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Scientific research could transform how we diagnose and treat mental illness

Joanne Hackett, Chief Commercial Officer of Genomics England, shares why she's investing in mental health research.

Could brain scans and blood tests one day help us understand the underlying causes of mental health? Would that greater understanding help us recognise the onset of mental illness much earlier? Could it lead to the delivery of personalised treatments? Could it even mean stopping mental illness before it gets started?

These are some of the questions I’ve been asking, and so have MQ.

There remains a lot of ignorance about mental illness in our society. From the devastating idea that a person concerned about their mental health is just seeking attention, to the lack of understanding given to staff in many workplaces, we are simply not educated enough on how to support those affected by mental illness.

I’ve seen this through the experience of a loved one and witness it playing out day to day in the workplace. I know how it can lead to the breakdown of families, difficulties experienced at work spilling in to the home and vice-versa. But everyone should have the opportunity to experience joy, love and beauty and we need to build a supportive society that enables them to do this.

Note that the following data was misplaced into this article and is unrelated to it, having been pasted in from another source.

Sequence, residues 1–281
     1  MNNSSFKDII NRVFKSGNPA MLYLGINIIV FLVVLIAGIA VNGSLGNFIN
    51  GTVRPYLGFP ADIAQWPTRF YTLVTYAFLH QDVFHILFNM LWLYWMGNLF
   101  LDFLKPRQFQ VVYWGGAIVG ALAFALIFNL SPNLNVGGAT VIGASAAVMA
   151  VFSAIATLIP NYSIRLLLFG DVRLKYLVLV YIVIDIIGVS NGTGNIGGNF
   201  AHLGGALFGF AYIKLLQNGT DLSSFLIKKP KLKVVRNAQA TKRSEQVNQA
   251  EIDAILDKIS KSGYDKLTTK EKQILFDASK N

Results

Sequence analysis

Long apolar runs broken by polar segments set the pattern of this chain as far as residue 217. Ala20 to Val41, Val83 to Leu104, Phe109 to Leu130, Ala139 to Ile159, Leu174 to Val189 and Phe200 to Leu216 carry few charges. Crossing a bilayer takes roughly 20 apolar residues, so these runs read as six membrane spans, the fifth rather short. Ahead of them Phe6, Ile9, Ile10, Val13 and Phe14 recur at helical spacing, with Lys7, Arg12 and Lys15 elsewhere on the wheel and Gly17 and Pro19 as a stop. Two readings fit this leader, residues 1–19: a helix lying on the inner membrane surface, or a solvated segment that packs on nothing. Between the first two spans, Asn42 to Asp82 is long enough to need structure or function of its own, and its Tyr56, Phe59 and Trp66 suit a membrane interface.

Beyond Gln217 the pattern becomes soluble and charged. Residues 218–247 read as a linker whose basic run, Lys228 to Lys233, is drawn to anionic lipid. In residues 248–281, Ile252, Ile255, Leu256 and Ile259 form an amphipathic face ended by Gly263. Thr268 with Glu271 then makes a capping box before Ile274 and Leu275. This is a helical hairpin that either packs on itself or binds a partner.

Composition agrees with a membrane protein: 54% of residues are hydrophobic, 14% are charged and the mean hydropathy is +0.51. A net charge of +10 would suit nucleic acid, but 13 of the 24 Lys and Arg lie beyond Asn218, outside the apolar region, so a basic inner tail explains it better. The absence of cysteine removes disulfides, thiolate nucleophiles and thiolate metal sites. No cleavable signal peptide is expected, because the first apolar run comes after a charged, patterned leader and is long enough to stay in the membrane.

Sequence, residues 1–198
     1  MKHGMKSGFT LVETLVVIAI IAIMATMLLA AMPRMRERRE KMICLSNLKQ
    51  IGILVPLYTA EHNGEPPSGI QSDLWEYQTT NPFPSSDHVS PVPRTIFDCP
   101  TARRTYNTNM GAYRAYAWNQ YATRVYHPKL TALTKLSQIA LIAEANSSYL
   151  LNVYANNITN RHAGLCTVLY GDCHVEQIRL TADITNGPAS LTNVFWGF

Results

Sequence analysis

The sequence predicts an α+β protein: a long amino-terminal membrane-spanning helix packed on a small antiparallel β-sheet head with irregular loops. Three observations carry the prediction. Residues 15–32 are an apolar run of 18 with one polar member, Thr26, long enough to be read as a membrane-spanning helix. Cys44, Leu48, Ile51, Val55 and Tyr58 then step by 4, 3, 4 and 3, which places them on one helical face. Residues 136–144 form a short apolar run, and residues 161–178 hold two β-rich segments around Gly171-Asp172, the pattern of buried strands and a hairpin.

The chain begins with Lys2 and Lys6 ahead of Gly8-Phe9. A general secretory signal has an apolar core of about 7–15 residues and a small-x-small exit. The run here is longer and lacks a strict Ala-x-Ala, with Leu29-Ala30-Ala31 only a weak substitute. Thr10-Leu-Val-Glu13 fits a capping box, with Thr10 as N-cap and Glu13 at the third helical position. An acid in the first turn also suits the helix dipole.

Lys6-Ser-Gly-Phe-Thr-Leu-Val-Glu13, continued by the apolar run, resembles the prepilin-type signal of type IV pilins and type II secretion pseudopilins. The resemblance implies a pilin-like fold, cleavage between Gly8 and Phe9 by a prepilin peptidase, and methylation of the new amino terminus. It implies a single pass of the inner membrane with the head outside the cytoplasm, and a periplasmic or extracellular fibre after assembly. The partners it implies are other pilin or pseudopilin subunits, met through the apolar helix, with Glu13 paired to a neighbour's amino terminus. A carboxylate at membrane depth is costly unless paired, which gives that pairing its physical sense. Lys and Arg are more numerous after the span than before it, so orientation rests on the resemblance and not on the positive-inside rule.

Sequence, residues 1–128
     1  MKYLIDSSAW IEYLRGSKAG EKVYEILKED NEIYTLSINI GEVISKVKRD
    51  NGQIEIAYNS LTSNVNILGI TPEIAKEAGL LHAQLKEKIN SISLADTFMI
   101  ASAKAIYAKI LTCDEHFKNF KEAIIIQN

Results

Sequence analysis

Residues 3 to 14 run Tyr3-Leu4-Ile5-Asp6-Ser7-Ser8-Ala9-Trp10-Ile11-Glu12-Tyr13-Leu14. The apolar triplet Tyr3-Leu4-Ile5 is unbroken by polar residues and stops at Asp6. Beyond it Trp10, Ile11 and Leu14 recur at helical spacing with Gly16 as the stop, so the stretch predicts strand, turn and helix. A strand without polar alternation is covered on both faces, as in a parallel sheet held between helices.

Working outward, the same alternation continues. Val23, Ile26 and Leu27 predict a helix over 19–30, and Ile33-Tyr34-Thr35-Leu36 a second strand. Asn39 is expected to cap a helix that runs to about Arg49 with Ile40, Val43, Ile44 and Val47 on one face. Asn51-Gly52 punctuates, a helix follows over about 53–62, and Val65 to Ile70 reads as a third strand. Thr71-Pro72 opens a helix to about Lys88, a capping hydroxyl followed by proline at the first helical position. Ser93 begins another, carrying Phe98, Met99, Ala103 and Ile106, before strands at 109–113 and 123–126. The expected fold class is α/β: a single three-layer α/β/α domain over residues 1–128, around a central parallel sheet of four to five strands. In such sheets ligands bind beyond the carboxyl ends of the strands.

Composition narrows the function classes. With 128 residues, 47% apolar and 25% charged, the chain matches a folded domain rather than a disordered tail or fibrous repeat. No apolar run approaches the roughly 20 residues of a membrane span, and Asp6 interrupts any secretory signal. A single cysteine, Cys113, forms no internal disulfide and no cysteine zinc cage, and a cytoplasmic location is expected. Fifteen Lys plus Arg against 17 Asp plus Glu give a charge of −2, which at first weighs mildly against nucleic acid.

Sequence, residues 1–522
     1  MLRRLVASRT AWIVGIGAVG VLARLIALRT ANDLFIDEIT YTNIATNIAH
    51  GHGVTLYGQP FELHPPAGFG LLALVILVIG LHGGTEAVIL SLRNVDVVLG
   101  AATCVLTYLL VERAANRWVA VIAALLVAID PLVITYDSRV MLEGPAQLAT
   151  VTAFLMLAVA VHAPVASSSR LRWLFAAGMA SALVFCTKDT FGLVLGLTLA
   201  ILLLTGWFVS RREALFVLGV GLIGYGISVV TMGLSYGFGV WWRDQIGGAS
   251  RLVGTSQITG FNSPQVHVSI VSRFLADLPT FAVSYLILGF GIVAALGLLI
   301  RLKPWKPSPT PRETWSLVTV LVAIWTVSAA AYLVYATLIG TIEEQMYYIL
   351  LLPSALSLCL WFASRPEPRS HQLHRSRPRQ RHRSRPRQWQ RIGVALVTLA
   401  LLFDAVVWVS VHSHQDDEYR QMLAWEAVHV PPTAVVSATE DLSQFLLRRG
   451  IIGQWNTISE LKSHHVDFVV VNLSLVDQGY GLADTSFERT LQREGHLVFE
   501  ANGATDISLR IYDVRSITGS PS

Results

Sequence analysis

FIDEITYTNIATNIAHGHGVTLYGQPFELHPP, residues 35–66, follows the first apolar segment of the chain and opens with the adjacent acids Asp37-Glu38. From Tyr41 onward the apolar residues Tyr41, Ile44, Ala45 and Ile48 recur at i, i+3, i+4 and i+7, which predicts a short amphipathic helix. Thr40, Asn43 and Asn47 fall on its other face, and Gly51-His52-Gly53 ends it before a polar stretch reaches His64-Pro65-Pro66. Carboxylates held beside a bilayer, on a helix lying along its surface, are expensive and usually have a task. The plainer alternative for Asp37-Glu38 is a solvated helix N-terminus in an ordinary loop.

People who are struggling with mental health conditions themselves, or who are caring for others with mental illness, need our support and we need to get better at providing it. Mental health problems are on the increase, and if we don’t change our approach in the workplace, more people are going to suffer.

But part of that ignorance comes from a lack of medical research into mental illness. I want to change that. I want to see research that reveals what’s happening in the brain so we can diagnose earlier, and develop more effective treatments. 

That’s why I’m investing in mental health research.

You can invest in mental health research too.

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